Consider your dogs! In home boarding can be quite stressful for your resident dogs. You must consider your dog if you want this work to be sustainable. One too many annoying puppies up in your adult dog's face can create intolerance, fear, and aggression. Know your own dogs social preferences and weaknesses. Have systems in place so your dog doesn't feel like their home life in unpredictable and stressful. If your dog watches TV on the couch with you every night, maintain that routine and do no allow guest dogs to interfere. If your dog gets a calm walk with you each morning, maintain that and leave the bouncy puppy at home with a kong. You can bring guest dogs in through the back door rather than the front door. You can let your dog smell their gear before introducing. You can go several days before you introduce your dog to the guest dog. Give your dog a space that is their own, where boarder dogs do not go. Train your dog to cooperate with boarding. Teach them to allow you to go through thresholds with the boarder while they wait. Teach them to leave the boarder alone during training, eating, and resting. Teach your dog to fluently go to their bed/couch/hallway/place on a single verbal cue to quickly de-escalate or manage a situation. Talk to your dog and tell them what is happening! Prioritize your dog's well being when selecting which dogs you will board.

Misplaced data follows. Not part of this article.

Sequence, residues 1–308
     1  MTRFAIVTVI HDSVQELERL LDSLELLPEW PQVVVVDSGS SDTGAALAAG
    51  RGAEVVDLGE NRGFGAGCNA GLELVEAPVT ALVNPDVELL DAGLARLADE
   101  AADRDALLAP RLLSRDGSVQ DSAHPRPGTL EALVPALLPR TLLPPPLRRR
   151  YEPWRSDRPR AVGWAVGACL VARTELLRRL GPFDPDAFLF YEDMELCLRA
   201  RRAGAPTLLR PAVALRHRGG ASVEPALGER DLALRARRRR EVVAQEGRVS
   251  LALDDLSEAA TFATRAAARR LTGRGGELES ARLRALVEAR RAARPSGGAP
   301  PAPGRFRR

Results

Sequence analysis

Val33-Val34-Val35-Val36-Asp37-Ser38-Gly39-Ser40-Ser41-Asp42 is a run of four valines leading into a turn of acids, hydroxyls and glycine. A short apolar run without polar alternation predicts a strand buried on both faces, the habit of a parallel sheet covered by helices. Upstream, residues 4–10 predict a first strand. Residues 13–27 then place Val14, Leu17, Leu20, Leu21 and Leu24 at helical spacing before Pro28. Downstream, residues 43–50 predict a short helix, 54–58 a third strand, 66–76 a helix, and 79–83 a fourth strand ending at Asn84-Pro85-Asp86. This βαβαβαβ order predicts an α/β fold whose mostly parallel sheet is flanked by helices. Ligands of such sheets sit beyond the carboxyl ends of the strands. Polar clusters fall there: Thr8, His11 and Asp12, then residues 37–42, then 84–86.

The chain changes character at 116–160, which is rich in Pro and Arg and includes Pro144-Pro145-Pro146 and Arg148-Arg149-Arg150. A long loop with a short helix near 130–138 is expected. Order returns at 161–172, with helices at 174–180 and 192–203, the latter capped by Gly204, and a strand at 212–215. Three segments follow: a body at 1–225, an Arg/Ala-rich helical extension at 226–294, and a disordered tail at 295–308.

Evaluating a dog is a process. Spend time with this dog if they are not familiar with you. You can require that the dog spends the day with you for Day Camp, goes on a hike with you, and does 1 day of boarding. Some dogs that are dreams on hikes can have unexpected challenges in a home or on a leash. At any point (before committing to boarding) you can determine that this dog is not a good fit for boarding in your home. Be clear with the client that this is part of your evaluation process. Be clear that even if the dog is not a good fit for boarding with you, the services they sign up for as part of the evaluation process provide enrichment and training.